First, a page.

For some, sitting in a tuk-tuk as it teeters and rumbles over Jakarta's roads offers a connection to an older way of life.

"Riding bajaj has a unique sensation, a nostalgic feeling," said faithful customer Budiyanto.

In central Jakarta, bajaj line a curb, their drivers smoking or sleeping as swarms of motorbike drivers sporting Go-Jek or Grab windbreakers zip by on their way to collect customers.

Even if they wanted to switch to ride-hailing apps, it's too late for some older drivers.

"I cannot shift to an app-based motorcycle taxi because of my age," said driver Sutardi.

"Companies require that their drivers not be over 60."

Despite the threat of technology, some insist bajaj have a future, especially among customers who don't want to get soaked on the back of a motorbike or while waiting for a hired car during the months-long rainy season.

"Customers don't like to get wet," tuk-tuk driver Zainuddin said.

"It's not good for people when the rain comes, but bajaj drivers will be happy."


Wednesday, March 21, 2018

Batik, Batik, Batik: Textile Dominates Plaza Indonesia Fashion Week 2018

Jakarta Globe, Sylviana Hamdani, March 20, 2018

The organizers and designers of Plaza Indonesia Fashion Week 2018 at a press
conference at the mall last Thursday (15/03). (Photo courtesy of Magnifique PR)

Jakarta. Plaza Indonesia Fashion Week or PIFW, the annual fashion shows held at premium shopping mall Plaza Indonesia in Jakarta, started on Monday (19/03).

This is the eleventh PIFW held by the mall.

"PIFW is proof of our consistent support for Indonesia's fashion industry," Zamri Mamat, Plaza Indonesia's marketing general manager, said last Thursday.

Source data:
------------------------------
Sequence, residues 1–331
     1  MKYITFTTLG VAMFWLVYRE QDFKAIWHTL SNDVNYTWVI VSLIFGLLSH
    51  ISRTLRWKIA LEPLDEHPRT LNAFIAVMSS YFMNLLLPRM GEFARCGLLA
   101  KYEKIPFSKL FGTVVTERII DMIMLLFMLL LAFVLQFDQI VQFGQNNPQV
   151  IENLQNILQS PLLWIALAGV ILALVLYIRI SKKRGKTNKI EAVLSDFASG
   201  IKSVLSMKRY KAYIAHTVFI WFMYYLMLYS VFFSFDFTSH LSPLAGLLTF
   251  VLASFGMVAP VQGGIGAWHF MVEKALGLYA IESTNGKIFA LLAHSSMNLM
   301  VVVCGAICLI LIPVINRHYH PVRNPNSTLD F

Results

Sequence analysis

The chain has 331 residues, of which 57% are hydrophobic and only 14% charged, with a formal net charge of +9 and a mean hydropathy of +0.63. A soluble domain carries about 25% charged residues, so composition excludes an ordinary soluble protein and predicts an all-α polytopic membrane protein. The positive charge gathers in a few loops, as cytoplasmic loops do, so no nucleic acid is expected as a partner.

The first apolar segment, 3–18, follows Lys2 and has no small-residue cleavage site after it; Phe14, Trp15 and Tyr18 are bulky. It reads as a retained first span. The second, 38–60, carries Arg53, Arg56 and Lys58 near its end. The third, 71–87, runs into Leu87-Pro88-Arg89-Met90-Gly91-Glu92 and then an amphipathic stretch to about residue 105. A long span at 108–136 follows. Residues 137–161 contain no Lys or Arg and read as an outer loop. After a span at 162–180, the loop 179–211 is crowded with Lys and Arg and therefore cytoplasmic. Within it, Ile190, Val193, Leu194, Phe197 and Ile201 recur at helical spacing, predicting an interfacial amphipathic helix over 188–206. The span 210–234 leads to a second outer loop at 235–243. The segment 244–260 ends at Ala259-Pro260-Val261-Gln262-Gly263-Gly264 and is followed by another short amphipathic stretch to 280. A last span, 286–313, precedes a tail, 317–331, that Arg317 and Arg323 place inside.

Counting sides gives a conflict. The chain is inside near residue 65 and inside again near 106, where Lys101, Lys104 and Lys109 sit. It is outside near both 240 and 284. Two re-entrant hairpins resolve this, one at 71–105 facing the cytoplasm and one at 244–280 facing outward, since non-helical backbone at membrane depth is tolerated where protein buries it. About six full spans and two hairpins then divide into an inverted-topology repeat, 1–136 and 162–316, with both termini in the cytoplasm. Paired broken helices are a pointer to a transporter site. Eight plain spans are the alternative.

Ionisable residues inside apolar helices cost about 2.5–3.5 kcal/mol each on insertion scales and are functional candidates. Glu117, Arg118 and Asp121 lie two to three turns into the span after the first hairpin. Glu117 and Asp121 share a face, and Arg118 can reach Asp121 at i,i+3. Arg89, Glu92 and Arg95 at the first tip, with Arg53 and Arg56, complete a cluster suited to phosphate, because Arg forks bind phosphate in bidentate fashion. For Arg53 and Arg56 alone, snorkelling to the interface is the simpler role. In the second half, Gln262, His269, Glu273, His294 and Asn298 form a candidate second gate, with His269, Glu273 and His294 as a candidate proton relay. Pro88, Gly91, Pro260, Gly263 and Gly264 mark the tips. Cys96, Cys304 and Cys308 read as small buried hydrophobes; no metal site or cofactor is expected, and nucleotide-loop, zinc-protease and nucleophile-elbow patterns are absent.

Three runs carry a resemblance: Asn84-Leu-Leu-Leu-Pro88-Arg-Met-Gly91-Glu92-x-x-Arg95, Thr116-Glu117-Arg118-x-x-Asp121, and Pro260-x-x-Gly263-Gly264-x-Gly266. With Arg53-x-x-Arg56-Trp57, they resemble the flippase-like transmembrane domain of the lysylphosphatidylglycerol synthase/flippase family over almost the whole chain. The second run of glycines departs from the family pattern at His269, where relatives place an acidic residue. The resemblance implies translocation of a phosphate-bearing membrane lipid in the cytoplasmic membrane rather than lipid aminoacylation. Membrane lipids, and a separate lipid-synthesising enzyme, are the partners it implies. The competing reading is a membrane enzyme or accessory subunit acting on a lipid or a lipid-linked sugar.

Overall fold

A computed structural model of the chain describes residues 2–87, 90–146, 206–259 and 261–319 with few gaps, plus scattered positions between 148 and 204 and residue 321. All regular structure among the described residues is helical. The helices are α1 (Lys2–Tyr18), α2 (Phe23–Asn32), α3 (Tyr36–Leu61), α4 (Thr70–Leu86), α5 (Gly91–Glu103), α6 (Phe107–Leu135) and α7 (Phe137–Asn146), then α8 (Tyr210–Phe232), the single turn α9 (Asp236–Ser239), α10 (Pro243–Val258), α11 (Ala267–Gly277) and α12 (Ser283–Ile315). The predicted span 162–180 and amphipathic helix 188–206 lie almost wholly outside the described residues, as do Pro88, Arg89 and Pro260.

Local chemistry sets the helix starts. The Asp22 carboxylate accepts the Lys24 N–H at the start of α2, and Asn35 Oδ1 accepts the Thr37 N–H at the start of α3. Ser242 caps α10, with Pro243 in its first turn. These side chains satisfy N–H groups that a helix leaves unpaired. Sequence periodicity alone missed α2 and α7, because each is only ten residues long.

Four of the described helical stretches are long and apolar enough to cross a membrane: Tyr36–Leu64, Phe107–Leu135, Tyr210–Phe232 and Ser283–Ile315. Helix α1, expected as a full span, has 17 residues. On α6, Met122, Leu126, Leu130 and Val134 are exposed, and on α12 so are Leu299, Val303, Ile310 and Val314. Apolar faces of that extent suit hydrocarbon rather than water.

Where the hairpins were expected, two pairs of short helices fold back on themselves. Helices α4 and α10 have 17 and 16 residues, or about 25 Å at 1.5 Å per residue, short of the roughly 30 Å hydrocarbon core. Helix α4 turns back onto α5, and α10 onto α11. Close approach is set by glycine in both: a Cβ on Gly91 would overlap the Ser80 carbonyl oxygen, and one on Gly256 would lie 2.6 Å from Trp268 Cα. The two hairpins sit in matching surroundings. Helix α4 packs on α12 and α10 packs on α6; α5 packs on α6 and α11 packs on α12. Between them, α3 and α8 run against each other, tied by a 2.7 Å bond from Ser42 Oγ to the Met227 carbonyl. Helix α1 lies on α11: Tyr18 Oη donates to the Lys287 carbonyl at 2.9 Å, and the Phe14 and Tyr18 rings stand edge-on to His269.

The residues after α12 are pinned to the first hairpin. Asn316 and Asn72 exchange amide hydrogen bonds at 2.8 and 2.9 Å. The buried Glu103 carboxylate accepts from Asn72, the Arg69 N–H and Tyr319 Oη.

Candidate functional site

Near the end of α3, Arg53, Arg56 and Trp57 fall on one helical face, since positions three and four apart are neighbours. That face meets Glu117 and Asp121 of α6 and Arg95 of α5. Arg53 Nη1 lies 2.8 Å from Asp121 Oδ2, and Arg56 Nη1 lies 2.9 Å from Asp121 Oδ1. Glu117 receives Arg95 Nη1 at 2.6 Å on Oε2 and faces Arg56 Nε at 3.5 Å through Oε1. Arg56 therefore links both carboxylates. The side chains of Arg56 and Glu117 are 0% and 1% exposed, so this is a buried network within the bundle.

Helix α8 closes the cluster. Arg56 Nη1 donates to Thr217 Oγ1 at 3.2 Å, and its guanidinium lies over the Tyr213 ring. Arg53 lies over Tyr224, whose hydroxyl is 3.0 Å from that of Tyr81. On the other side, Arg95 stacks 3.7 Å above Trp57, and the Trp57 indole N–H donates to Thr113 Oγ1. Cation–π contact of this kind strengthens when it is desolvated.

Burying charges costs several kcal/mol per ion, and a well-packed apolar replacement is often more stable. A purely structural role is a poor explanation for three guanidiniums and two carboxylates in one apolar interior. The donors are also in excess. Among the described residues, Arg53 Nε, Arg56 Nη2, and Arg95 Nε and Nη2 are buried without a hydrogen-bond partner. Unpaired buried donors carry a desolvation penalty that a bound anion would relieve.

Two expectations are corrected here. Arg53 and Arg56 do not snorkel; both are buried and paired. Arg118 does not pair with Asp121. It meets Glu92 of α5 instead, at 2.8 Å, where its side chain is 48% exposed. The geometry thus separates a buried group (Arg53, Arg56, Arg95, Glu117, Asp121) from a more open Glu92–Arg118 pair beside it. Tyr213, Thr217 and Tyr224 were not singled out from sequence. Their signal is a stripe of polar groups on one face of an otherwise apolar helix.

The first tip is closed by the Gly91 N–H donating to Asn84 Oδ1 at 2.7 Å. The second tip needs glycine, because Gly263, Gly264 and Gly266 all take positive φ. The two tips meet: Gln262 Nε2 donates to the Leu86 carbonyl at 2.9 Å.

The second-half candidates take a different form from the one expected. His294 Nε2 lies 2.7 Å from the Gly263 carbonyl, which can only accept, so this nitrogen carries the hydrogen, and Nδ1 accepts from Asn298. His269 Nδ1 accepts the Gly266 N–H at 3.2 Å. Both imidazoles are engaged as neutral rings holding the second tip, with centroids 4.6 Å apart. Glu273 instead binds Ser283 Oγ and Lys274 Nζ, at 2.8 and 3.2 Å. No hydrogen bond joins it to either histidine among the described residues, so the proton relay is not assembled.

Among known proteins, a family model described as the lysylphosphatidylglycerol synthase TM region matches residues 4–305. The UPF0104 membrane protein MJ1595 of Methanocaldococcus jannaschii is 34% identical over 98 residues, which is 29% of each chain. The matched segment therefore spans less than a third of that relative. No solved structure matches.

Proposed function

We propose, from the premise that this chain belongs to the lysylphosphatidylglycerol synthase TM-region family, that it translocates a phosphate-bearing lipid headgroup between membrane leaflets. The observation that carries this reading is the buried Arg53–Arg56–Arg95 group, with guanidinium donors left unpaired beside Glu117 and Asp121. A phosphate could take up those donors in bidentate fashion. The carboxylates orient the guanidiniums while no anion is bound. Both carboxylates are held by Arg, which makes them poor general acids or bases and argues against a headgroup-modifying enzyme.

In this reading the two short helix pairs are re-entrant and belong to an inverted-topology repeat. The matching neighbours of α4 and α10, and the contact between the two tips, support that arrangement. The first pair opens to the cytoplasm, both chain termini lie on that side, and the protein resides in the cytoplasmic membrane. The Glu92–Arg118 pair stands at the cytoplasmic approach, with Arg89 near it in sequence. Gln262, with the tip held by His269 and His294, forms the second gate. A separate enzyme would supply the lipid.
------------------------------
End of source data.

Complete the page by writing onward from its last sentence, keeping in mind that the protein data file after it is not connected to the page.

This year, PIFW showcases the collections of 22 local and international labels at The Warehouse on the fifth floor of the mall.

A series of fashion shows by well-established Indonesian labels opened PIFW on Monday.

At 5.30 pm, Bin House by Indonesian textile maker Josephine Komara showcased its Spring/Summer 2018 collection.

"This is our first fashion show at PIFW. Our collection combines traditional batiks and edgy fashion," Wita, the in-house designer of Bin House, said.

The second show on Monday was SEBASTIANred by Indonesia's high-fashion legend Sebastian Gunawan.

Seba, as the designer is affectionately known, showcased his Lebaran and Summer 2018 collection called "Reminiscence," inspired by old photos.

Black, white and sepia dominated SEBASTIANred's evening gowns on the runway.

The first day culminated with "Nuswantara," a special collection by Iwan Tirta Private Collection (ITPC).

"This is our Spring/Summer 2018 collection," Era Sukamto, creative director of ITPC, said.

"The style is young and fresh. We also showcased old batik motifs collected by the late Iwan Tirta from Cirebon, West Java, that are heavily influenced the Chinese and Japanese," she said.

On Tuesday, Indonesian quirky ready-to-wear label Danjyo Hiyoji, in collaboration with local textile factory Lucky Trend, will present its Spring/Summer 2018 collection called "Splendor Force."

"The collection is inspired by millennials, it encourages freedom of expressions," Liza Mashita, co-founder and co-designer of Danjyo Hiyoji, said.

"We'll be using a lot of prints by Lucky Trend in the collection," Dana Maulana, co-founder and co-designer of the label, said. "We want to prove that Indonesian factories can also produce good quality textiles."